I never understood the phrase "ignorance is bliss" until the day came that I wasn't ignorant anymore. Blissful ignorance…an unadulterated, utopian state of being and thinking and living and loving that you don't realize you've been privy to, until it's no longer your reality. It’s the state where you don't know that you have it good, because you've never had it bad. Where hope is a reflex. Love’s your first language. And compassion is all you've ever known, so it's the only thing you’re prepared to receive. But one day, that state becomes a distant memory. And you learn that the bliss you knew was because of what you didn't know. But once you know, you can’t un-know. And once the lens through which we view life is no longer the same, it’s hard for us to be. We think we’ve gotten over the harsh realities that stole our bliss. But a lot of us have a distorted idea of what healing really is. We say, "I forgive but I can’t forget." But the truth is, we hold onto the memories of what happened to us because we like to feel justified in our bitterness. We think we earned the right to be distant, apathetic, and inaccessible. And if you’re like me, you sugarcoat it and say things like, “I’m not cold, I’m cautious,” or “I’m just guarding my heart,” and use the scripture to excuse living with unresolved emotions that simultaneously set the tone for every interaction you have. Then we dress up moving on to the next thing and call it healing. We flaunt the new boo, new job, and new chapter. We don't always pack up and move to a new city, but the truth is, repressing our emotions is the equivalent of running away from what happened to us. We box up rejection, fear, loss, and unreciprocated love. And we bury it in our subconscious and never look back. And we're foolish enough to believe that if we walk away from what caused it, we're free, and if we can move on, we're healed. No. That's not it, sis. We go through the motions of moving on but not the emotions of moving on. And as long as what happened in our past affects how we approach the future, we are still the victim. The reality is, there are things we claim we don’t need to talk about, but we really just don’t want to. Talking about it makes it real all over again, and each memory that surfaces triggers emotions we don't want to be reacquainted with. Emotions that awaken a place we don't wish on our worst enemy; the place where we aren't sure of ourselves or what we have to offer, because who we were, at our best, wasn't good enough for them. Who you were at your best wasn't good enough for him. It wasn't enough to make him stay. It wasn't enough to make him choose you. Who you were at your best wasn’t good enough for the position. You weren’t good enough to get the job. You weren’t good enough for them to choose you. And talking about it awakens the place where we’re unsure of others and who they’re capable of being, because we've experienced the best of people and the worst of people. Forming relationships and making friends is like drawing from a deck of cards. As much as you want to believe that the universe will deal you a good hand—you just don't know what you're gonna get. So you stop playing cards. You deal with people from 10 feet away. You don't allow yourself to get close enough for rejection to touch you. You don't seek new friendships and are arguably indifferent toward the ones you do have. And you no longer present who you are, at your best, because you don’t believe people deserve her. People really did a number on you, and you've mistaken being guarded for being strong. But you're not guarded when you're strong, you're guarded when you're weak. Because if anything like last time gets past that wall and goes south, you fear you won't be able to recover. And now you're "hard" because hard is "tough", and being tough is being numb. And you actually believe you made it out of your dark place alive, but you can’t be numb and alive at the same time. “Numb”, as a noun, is defined as deprivation of sensation, but “numb”, as a verb, means, “to deaden”. So the pain didn’t kill you physically. But it killed your spirit, your dreams, your self-confidence, and your hope for the future. And you’re walking around half-healed.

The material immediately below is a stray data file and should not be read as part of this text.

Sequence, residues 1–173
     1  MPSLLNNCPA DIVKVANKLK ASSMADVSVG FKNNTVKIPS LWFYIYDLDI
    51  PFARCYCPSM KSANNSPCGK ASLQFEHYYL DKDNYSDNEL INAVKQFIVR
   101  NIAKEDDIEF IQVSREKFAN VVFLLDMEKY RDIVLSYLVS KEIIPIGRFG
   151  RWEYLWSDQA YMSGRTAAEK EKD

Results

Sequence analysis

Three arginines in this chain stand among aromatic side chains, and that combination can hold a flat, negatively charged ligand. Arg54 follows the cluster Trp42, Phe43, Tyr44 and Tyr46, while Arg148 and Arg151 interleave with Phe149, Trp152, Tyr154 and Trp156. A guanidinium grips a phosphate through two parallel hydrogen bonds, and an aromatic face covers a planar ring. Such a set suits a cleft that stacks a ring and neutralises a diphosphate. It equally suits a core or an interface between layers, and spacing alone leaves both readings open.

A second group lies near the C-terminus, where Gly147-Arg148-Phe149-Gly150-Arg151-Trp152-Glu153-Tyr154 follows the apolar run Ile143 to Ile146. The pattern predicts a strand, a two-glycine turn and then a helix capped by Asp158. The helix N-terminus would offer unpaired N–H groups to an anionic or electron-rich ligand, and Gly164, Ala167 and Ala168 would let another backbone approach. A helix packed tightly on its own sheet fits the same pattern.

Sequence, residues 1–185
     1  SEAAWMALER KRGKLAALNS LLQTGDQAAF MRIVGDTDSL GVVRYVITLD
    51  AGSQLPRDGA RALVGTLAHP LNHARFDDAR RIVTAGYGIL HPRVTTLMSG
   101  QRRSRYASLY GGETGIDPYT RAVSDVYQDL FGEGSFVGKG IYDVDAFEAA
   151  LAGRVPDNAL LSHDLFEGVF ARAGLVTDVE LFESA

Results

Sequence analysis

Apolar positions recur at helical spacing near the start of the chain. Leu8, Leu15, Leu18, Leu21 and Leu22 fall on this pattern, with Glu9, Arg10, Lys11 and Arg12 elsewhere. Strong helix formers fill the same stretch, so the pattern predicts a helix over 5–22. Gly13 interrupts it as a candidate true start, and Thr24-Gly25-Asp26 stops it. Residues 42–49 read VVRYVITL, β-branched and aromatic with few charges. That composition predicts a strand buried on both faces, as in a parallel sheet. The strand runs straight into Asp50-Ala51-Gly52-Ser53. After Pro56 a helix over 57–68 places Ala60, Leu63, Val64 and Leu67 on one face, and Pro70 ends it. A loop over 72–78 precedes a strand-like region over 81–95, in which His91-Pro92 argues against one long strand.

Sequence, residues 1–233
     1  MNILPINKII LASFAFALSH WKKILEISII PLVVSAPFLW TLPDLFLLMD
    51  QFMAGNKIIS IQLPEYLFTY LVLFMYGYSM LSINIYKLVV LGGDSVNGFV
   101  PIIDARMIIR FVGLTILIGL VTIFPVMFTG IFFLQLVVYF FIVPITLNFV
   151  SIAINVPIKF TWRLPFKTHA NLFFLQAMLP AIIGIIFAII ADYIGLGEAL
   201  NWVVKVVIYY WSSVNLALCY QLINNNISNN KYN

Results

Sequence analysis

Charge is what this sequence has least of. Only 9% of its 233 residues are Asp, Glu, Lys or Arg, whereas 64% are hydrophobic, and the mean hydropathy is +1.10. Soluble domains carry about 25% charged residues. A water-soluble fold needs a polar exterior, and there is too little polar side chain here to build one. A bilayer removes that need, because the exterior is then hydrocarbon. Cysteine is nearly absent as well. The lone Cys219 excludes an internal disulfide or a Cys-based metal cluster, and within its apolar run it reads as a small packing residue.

Just because you've moved on, doesn't mean you've let it go. If you don't do the work, those emotions don't dissolve, they’re displaced, underlying all of your thoughts and behaviors. You can pack them up, put them in storage, and throw away the key. But until you sort through the boxes, that space is occupied. And you won't have room for what God wants to do until there’s a vacancy.
You’ve gone through the motions of moving on, but you haven’t gone through the emotions. And you can’t resolve what you don’t confront. I know it stings. I know that it grieves you to go back to that place, but you have to go there one last time and sort through those boxes. And if you take God with you, you will tap into a depth of wholeness you didn’t know existed. His love is perfect, and perfect love drives out all fear. It drives out fear of being rejected, fear of being unwanted, and fear of being inadequate. Allow the love of Jesus to soften those hard places. He will restore the years you’ve sown in tears, and bring you to a full healing. “The Lord is close to the brokenhearted and He rescues those whose spirits are crushed.” Psalm 34:18
Look up and,